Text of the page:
Many lawmakers are increasingly circumspect of the threat of video manipulation, also known as ‘Deepfake’ ahead of the 2020 US presidential elections.
Deepfake refers to an artificial intelligence-based human image synthesis technique. It is used to combine and superimpose existing images and videos onto source images, or videos using a machine learning technique called a "generative adversarial network" (GAN). The combination of the existing and source videos results in a fake video that shows a person or persons acting at an event that never occurred in reality. Deepfakes can also be used to create fake news and malicious hoaxes.
A number of lawmakers believe that Deepfake could be the next stage of information warfare that could endanger society as Deepfake videos are highly compelling. It is hard to determine what is real and what is not.
Three members of the House of Representatives, including Rep. Adam Schiff, who now chairs the House Intelligence Committee, wrote to Director of National Intelligence Dan Coates about the dangers of these videos. They said: "As deep fake technology becomes more advanced and more accessible, it could pose a threat to United States public discourse and national security, with broad and concerning implications for offensive active measures campaigns targeting the United States.”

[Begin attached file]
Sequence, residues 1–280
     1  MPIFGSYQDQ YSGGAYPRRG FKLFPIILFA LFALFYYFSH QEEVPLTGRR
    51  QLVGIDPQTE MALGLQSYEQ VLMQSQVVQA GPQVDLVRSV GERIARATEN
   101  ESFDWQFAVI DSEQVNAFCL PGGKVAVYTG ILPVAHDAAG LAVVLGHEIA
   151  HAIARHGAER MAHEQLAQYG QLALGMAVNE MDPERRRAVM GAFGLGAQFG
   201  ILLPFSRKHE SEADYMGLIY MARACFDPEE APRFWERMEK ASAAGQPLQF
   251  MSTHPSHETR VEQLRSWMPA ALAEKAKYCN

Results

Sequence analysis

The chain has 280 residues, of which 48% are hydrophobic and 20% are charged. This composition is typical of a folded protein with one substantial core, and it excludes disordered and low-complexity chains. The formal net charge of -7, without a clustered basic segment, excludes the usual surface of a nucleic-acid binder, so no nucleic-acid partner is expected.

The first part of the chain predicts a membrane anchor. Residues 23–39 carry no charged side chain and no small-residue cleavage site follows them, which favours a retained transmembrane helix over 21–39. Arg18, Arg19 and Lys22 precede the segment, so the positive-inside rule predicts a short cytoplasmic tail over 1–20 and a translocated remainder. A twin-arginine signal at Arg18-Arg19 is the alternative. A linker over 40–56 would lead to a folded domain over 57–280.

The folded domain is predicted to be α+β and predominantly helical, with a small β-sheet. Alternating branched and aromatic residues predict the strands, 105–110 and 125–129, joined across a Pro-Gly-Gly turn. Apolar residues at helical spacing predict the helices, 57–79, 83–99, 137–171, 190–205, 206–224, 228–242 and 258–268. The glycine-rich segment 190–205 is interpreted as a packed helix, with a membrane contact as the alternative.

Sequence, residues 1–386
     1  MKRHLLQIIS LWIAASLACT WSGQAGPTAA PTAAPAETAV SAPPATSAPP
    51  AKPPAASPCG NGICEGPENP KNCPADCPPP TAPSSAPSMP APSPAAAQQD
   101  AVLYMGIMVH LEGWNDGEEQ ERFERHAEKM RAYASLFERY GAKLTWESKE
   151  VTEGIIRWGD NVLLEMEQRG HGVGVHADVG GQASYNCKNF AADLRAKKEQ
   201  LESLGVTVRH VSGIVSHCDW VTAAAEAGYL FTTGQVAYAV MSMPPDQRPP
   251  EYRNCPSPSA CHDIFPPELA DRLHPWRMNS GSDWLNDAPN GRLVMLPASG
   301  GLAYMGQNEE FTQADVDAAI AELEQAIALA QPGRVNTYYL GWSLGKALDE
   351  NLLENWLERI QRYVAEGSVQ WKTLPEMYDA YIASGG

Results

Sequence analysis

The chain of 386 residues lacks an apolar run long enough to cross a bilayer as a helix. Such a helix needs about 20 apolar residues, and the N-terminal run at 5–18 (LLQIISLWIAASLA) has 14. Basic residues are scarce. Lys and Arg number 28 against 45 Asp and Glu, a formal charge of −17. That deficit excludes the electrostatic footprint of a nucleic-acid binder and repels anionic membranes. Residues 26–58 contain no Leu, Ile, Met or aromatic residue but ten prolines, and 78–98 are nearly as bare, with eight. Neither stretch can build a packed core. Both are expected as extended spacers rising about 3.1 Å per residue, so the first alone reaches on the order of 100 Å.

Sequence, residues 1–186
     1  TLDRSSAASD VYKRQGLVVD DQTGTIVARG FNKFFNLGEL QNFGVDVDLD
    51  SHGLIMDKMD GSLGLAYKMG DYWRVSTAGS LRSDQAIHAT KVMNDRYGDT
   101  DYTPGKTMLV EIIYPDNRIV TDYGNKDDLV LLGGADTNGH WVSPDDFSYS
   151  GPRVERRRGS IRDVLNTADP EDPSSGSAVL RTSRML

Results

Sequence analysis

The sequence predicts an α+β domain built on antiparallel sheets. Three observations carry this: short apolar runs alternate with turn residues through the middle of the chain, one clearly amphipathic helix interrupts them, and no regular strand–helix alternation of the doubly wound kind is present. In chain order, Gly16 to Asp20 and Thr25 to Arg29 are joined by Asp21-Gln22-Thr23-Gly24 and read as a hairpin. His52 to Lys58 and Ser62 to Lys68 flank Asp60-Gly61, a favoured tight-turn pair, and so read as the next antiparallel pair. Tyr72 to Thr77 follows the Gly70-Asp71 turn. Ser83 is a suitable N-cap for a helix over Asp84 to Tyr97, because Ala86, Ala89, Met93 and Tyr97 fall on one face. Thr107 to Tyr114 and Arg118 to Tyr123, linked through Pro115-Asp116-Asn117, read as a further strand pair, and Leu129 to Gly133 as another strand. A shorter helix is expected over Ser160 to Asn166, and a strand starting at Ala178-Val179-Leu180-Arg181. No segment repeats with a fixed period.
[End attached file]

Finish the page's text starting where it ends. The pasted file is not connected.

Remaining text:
Senator Mark Warner, the top Democrat on the Senate Intelligence Committee, said that they are struggling to “track and combat interference efforts and other malign activities on social media -- and the explosion of deep fake videos is going to make that even harder."
Our assessment is that the rise of ‘Deepfake’ has indeed got both the intelligence community and the general public worried. We believe that the threat of AI is extensive and enigmatic. The lack of know-how in handling such technology could have a drastic effect in the election process, specifically during campaigning. We feel that it is imperative to take the first steps to understand ‘Deepfake’ technology and learn how to tackle it.